Heavenly blue morning glories

Heavenly blue morning glories have always been a passion of David Tarrant's.

Credit: David Tarrant

Heavenly blue morning glories (Ipomoea tricolor) have always been a passion of mine.

Sometimes they were a bit of a challenge to grow in Vancouver, especially in cooler summers. However I am sure this past one has been perfect, as of course you experienced plenty of sunny hot weather.

When I worked at the UBC Botanical Garden, I remember them being planted to climb over the lower arbor in the Food Garden, it always seemed to take them the longest time to bloom. Putting on the best show during September.

Now of course I live where they are a native plant and the interesting thing is at this altitude, just shy of 2,000 metres, they don’t bloom in nature until we have had some decent late summer rains—making September to early October their prime bloom time.

Mine started this past week so I just had to share one with you.

When teaching gardening classes in the past and referring to blue morning glories being one of my most favourite summer annuals, people used to cringe thinking immediately of the white one, which is a bothersome perennial weed in many gardens. However this one is not invasive, a true summer annual that will be totally killed by the first frost—roots and all!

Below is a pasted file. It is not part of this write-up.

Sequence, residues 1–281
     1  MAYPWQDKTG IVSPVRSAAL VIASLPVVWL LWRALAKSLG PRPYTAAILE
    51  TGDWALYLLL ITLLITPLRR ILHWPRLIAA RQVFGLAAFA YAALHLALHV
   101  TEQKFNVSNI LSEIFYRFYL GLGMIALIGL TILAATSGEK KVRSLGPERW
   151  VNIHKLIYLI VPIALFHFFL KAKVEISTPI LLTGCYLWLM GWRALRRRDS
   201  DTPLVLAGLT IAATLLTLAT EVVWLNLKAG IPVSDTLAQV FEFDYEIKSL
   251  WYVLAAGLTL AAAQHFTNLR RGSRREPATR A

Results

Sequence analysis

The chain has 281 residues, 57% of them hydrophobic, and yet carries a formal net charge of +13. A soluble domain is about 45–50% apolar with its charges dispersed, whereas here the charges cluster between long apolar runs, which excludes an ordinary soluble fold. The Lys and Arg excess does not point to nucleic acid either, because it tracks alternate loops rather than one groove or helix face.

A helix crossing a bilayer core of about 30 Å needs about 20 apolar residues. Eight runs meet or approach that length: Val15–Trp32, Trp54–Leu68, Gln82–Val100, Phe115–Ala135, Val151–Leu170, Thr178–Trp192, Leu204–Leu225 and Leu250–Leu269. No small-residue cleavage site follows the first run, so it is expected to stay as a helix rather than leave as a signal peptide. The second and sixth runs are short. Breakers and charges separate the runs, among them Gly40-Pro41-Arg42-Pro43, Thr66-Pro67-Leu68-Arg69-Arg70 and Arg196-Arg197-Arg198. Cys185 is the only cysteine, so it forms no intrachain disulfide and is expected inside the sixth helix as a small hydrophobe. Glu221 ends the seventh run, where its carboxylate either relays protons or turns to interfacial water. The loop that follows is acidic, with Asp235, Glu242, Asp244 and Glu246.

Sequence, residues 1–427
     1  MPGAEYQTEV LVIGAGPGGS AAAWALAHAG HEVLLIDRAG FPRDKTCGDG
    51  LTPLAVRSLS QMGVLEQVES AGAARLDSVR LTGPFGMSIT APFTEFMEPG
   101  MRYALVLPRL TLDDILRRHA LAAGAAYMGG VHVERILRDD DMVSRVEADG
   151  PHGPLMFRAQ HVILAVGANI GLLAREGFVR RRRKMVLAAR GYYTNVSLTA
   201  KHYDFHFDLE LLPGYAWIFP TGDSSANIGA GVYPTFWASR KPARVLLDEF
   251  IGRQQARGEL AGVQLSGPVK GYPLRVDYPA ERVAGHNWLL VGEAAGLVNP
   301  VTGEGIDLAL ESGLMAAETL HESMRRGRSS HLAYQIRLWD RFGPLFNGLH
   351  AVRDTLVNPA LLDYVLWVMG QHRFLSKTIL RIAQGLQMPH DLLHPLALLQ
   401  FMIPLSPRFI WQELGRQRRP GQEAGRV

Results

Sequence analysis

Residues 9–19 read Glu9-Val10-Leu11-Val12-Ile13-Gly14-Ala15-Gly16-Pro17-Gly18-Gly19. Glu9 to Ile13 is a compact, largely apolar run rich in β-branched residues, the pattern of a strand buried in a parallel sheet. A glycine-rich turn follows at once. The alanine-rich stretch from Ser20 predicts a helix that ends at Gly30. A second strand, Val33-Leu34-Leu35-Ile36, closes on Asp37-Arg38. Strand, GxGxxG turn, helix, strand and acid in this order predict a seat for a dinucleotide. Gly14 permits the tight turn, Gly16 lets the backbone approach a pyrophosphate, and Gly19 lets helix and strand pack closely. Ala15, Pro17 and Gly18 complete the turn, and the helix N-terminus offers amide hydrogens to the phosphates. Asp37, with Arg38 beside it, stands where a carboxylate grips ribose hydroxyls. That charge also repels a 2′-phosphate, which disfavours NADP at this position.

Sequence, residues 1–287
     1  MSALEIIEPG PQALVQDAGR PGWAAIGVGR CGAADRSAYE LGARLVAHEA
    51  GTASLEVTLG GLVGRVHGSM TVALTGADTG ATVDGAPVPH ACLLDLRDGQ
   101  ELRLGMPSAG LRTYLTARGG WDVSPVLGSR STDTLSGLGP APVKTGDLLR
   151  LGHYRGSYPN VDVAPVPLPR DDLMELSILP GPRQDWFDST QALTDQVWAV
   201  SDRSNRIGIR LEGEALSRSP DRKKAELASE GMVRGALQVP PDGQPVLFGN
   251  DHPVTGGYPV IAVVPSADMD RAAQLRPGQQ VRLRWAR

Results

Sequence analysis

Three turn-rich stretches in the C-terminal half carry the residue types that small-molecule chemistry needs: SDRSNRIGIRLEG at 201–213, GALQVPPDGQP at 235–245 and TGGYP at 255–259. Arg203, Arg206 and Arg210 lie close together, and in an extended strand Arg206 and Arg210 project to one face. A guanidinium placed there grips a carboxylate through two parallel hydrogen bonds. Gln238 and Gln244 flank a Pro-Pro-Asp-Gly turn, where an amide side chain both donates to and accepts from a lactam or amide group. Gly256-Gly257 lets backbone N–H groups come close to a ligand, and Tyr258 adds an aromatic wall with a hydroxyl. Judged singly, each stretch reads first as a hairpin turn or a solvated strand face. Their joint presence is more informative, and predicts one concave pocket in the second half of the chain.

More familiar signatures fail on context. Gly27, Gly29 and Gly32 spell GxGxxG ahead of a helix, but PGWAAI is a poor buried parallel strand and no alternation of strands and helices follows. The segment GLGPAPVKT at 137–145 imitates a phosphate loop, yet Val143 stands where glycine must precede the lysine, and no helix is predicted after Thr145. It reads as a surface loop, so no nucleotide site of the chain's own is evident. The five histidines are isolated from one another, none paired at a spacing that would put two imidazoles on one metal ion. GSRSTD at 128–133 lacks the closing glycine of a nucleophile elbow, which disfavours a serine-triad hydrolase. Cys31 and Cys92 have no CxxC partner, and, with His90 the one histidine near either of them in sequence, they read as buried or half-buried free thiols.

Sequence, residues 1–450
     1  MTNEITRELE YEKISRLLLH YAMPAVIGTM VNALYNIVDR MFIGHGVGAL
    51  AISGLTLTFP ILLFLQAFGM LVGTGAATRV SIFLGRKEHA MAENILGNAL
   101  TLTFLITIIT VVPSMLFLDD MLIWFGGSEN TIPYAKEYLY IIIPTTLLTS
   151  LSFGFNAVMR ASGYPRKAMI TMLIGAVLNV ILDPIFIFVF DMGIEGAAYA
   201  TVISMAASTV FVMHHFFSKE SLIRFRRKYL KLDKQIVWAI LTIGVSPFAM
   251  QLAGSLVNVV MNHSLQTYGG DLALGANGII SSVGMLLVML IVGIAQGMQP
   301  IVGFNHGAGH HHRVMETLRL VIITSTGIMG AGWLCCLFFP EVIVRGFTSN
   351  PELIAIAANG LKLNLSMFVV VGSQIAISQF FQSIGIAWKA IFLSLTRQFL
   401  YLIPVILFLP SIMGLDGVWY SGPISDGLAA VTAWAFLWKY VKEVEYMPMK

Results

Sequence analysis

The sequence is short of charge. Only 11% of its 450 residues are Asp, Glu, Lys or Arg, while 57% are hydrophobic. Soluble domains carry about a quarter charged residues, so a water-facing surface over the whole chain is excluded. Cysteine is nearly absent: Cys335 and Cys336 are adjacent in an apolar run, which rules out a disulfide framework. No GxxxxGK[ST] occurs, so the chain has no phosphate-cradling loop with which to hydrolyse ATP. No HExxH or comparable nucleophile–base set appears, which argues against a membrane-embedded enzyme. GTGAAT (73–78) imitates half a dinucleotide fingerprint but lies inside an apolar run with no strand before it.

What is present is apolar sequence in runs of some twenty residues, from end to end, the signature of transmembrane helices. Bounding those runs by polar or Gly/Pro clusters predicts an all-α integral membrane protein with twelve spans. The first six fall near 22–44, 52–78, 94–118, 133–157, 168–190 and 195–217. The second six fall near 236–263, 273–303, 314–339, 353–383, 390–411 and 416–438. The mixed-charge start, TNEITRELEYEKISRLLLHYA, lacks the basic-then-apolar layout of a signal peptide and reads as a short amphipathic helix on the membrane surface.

As suggested they love heat so try to plant them in a sheltered spot in your garden. They actually look lovely on a tepee type trellis in a mixed border.

Right now they will be setting seed up in BC gardens. Save some by picking and drying the capsules so that the seed can be separated. Then put them in a labelled envelope in an airtight container in the crisper drawer of your fridge. (This is the best place to store any dry seeds vegetable or flowers.)

Sow them in individual pots in your cool greenhouse or on a cool window ledge in late March/early April, planting them out in the garden late May when the danger of overnight frost is past.